(800) 478-1255, (907) 276-4118
Alaska Native Arts Foundation
500 W. 6 th Ave.
Anchorage, AK 99501
121 W. Fourth Ave.
Anchorage, AK 99501
Russian Orthodox Museum, Inc.
605 A Street
Anchorage, AK 99501
1000 Arlberg Ave.
P.O. Box 249
Girdwood, AK 99587
(800) 775-6656, (907) 754-1111
Iditarod Trail Sled Dog Race
P.O. Box 870800
Wasilla, AK 99687-0800
Vern Halter’s Dream A Dream
Mile 64.5 Parks Highway
(866) 425-6874, (907) 495-1197
Chugach Express Dog Sled Tours
P.O. Box 1396
Girdwood, AK 99587-1396
Rust’s Flying Service, Inc.
P.O. Box 190867
Anchorage, AK 99519-0867
Hotel Captain Cook
939 W. Fifth Ave.
Anchorage, AK 99501-2032
6700 Jewel Lake Rd.
Anchorage, AK 99502-2071
737 W. Fifth Ave. Suite 110
Anchorage, AK 99501-2117
Simon & Seafort’s Saloon Grill
420 L St., Suite 202
Anchorage, AK 99501-1937
The Bridge Salmon Bake & Grill at Ship Creek
840 C St.
Anchorage, AK 99501-3547
Moose’s Tooth Pub & Pizzeria
3300 Old Seward Highway
Anchorage, AK 99503
328 G St.
Anchorage, AK 99501-2125
Snow City Café
1034 W. Fourth Ave.
Anchorage, AK 99501-1919
Eagle River Trails
By Benji Uffenbeck
About 24 miles north of Anchorage, the community of Eagle River hosts several additional Nordic ski options. The Nordic Skiing Association of Anchorage grooms many of these trails, but a separate ski club, Eagle River Nordic Ski Club, oversees cross country skiing activities and events in the area.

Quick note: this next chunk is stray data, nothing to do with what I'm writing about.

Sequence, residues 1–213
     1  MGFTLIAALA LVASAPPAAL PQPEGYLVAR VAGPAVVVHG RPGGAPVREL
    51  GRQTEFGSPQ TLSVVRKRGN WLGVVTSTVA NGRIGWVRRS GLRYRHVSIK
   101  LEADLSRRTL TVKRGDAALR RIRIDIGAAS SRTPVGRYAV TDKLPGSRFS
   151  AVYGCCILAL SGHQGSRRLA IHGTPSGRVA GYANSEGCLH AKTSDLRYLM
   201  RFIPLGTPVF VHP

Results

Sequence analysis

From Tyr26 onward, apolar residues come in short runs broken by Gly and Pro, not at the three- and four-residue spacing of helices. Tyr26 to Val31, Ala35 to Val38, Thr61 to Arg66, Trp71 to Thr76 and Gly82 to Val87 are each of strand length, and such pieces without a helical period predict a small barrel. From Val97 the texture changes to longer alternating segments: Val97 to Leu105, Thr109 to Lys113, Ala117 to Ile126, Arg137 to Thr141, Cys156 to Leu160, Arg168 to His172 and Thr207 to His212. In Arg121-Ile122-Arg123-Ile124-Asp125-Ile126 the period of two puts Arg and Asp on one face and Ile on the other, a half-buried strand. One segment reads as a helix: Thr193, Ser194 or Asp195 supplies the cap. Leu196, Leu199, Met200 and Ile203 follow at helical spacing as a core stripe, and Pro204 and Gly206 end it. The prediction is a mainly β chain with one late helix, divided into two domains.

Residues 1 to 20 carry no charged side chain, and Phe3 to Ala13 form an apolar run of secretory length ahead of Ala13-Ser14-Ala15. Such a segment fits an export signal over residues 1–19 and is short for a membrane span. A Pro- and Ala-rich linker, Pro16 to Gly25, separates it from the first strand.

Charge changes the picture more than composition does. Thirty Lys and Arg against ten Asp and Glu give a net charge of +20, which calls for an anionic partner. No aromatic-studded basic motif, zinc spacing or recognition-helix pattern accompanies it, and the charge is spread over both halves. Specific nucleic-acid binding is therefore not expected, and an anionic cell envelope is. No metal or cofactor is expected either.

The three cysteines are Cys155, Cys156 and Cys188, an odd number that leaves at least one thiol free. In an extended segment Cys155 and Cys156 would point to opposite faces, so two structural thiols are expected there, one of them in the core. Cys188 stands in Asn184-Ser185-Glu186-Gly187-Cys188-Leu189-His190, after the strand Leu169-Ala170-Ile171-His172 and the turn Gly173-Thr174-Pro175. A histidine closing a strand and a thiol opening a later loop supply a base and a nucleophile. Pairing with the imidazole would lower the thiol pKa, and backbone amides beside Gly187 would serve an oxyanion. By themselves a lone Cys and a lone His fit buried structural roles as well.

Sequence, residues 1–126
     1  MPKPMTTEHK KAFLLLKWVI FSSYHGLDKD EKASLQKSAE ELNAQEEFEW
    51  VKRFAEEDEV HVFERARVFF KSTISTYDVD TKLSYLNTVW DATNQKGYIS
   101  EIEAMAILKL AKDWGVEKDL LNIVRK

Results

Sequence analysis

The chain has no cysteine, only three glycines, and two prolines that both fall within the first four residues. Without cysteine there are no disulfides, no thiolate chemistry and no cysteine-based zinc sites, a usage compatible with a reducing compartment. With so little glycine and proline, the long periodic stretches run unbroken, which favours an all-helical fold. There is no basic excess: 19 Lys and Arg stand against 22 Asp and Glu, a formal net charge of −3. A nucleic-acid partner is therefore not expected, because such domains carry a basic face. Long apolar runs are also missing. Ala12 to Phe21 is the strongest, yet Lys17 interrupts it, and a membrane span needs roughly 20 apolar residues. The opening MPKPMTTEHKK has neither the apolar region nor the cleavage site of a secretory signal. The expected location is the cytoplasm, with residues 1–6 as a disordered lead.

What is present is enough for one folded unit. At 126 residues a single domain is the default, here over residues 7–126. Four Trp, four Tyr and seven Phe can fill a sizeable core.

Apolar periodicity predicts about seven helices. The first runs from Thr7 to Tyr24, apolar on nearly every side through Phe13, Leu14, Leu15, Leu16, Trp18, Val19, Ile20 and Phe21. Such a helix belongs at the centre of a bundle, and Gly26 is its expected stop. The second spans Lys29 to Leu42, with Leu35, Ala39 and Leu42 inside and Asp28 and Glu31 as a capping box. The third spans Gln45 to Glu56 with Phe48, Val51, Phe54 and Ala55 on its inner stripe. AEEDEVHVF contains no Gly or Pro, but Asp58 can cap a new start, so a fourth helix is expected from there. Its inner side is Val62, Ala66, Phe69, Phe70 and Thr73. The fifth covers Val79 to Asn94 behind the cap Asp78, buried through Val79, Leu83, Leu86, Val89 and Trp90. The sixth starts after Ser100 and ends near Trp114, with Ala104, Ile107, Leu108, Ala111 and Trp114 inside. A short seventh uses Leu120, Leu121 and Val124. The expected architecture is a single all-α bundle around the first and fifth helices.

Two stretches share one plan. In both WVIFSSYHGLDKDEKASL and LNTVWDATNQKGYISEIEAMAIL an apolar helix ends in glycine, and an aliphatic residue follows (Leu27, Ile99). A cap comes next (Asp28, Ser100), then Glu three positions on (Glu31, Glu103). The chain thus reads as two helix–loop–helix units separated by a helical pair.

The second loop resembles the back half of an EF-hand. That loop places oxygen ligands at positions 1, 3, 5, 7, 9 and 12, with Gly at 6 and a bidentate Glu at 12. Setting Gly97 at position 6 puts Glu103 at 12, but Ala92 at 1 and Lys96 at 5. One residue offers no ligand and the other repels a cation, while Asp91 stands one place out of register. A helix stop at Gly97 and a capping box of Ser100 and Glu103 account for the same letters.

Beach Lake Trails
Some of the best groomed skiing in Eagle River can be had at the Beach Lake Ski Trails near Chugiak High School. There are approximately 20 km of trails, all groomed for skating and classic. Approximately 13 km are lit for night skiing. The lights are on every night all winter until about 11pm. Aside from Kincaid Park in Anchorage, the Beach Lake Trails offer the most kilometers of lit trails in a single location, so for the after-work crowd it's the best option in Eagle River.
The trail system itself is fairly compact -- probably less than four square kilometers -- so there are lots of turns and twisty corners. The terrain is glacially carved with mostly medium sized hills. This venue hosts several races each winter including Alaska Besh Cup, high school and Anchorage Cup races. Recent improvements include a new chalet that is staffed and open each night until 9:00 p.m. and a new sprint loop. Grooming is contracted to the Nordic Ski Association of Anchorage. Typically the NSAA brings a Pisten Bully to the trails on a flatbed truck a couple of times per week to groom. Most winters you can ski at these trails into mid-April.
Mirror Lake Coyote Trails
This is a newer ski trail constructed adjacent to Mirror Lake Middle School, about five miles north of the Beach Lake Trails on the Glen Highway. There are about six km of trails, with a main five km loop that offers several cut-offs to make shorter loops. The trails are quite challenging with a mix of steep climbs and rolling terrain. The biggest hills on this trail system are actually bigger than the Beach Lake Trails, but overall difficulty is probably less. These trails are not lit, but they are groomed for classic and skating and usually offer some of the best conditions in the area. Grooming is handled by contract by the NSAA. Mirror Lake and Beach Lake trails are usually groomed the same day.